Should You Buy Life Insurance Before the Jan. 1, 2017 Tax Changes?

by Kerri-Lynn McAllister October 26, 2016 / No Comments

The life insurance sector is telling you to buy life insurance before 2017. If you have a proactive advisor, you may already have been contacted and told why.

The current Canadian tax rules for permanent life insurance took effect on December 2, 1982 when:

  • ET, the Extra-Terrestrial reclaimed the #1 spot at the box office in its 24th week of release (with a cumulative gross of $299M on a budget of $10.5M)
  • Universal life insurance didn’t exist
  • Level cost of insurance (LCOI) rates didn’t exist (whole life insurance still uses mortality rates which increase yearly and are not guaranteed)

Insurance companies interpreted the rules differently for new products. That lead to inconsistencies and perhaps unintended tax advantages.

New rules take effect on Jan. 1, 2017. For whole life insurance, the impact is small. For universal life insurance with a level cost of insurance, the changes are big.

The changes

Here are highlights:

  • Less overall tax-sheltering room in LCOI universal life insurance
  • More consistency among insurers
  • Minimum quick pay period of 8 years: limits deposits into permanent life insurance
  • Corporately-owned life insurance: the Capital Dividend Account allows business owners to extract funds from their private corporation tax-free. The death benefit from life insurance can use this mechanism but the tax-free extraction will be reduced.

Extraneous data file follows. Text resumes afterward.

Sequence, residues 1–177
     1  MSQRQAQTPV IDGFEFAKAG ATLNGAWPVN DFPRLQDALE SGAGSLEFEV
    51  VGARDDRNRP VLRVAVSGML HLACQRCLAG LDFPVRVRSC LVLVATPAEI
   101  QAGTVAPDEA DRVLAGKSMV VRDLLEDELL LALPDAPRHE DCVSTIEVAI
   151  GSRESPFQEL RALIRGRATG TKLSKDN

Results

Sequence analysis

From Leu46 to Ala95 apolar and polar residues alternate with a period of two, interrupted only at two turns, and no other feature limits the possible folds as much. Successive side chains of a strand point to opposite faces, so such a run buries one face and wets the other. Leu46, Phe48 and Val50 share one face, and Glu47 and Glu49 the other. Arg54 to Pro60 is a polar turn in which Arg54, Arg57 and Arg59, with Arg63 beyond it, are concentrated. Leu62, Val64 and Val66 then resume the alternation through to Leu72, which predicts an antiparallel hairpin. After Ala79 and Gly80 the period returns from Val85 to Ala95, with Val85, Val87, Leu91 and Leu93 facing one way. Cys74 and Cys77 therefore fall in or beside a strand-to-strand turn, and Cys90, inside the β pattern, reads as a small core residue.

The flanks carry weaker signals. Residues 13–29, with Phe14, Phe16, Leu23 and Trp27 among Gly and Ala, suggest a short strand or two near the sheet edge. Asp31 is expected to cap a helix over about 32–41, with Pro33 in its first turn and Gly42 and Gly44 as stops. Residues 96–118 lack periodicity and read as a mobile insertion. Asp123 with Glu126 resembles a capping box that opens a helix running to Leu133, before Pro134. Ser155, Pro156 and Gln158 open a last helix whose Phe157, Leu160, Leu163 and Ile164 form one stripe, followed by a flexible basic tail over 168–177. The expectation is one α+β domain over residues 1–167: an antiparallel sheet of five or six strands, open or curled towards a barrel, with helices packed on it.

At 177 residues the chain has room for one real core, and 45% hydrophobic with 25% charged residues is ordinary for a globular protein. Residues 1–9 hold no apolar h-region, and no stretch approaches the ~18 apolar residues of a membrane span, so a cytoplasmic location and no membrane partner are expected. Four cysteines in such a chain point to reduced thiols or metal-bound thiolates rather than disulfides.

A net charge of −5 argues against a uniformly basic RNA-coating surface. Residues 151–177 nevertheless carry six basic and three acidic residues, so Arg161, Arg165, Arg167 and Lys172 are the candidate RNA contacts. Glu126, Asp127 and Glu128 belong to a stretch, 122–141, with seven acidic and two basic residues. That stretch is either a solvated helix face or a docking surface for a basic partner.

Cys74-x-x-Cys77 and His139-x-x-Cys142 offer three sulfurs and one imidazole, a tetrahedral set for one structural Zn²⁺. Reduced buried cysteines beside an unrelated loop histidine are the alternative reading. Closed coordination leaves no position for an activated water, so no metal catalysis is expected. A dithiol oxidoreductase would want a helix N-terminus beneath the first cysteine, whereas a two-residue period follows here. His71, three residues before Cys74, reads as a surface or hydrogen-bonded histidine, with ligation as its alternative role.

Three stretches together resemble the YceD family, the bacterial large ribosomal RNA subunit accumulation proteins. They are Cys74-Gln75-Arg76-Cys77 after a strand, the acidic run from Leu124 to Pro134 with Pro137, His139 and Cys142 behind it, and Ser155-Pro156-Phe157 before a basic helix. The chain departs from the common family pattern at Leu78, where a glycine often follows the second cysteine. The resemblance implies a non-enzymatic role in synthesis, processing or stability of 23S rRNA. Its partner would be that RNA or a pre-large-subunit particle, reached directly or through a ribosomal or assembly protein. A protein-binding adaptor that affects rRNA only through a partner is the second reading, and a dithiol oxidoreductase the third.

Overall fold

• More tax on prescribed life annuities: currently a portion of each payment is considered a blend of a return of your capital (tax-free) and interest (taxable). More income will be taxable.
  • Investment Income Tax (IIT) is paid by insurance companies on the tax-sheltered growth inside permanent life insurance. The tax rate is increasing, which may increase premiums for LCOI universal life.

You’ll find more information and details with search strings like “2017 life insurance tax changes Canada.” Most of the content is designed for advisors but can be read by you.

Grandfathering

If your life insurance policy doesn’t have changes which require underwriting after 2016, the pre-2017 rules likely apply.

If you are thinking about:

  • Converting your term life insurance to permanent
  • Adding a term rider to your life insurance
  • Buying new permanent life insurance

acting in 2016 gives you access to the current rules.

Fake deadline

Deadlines put an end to procrastination. We have deadlines for filing our taxes. We know when RRSP Season is ending. There’s no similar deadline for life insurance. Procrastination becomes easy. If you don’t mow the lawn or shovel the sidewalks, your neighbours will know. If you delay getting life insurance who will encourage you?

What happens in 2017?

Most people won’t be impacted by the changes much. That isn’t an excuse to do nothing. When was the last time you reviewed your life insurance? If your answer is “not recently” or “I don’t remember”, this is a great year for a review.

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Flickr: Sally Mahoney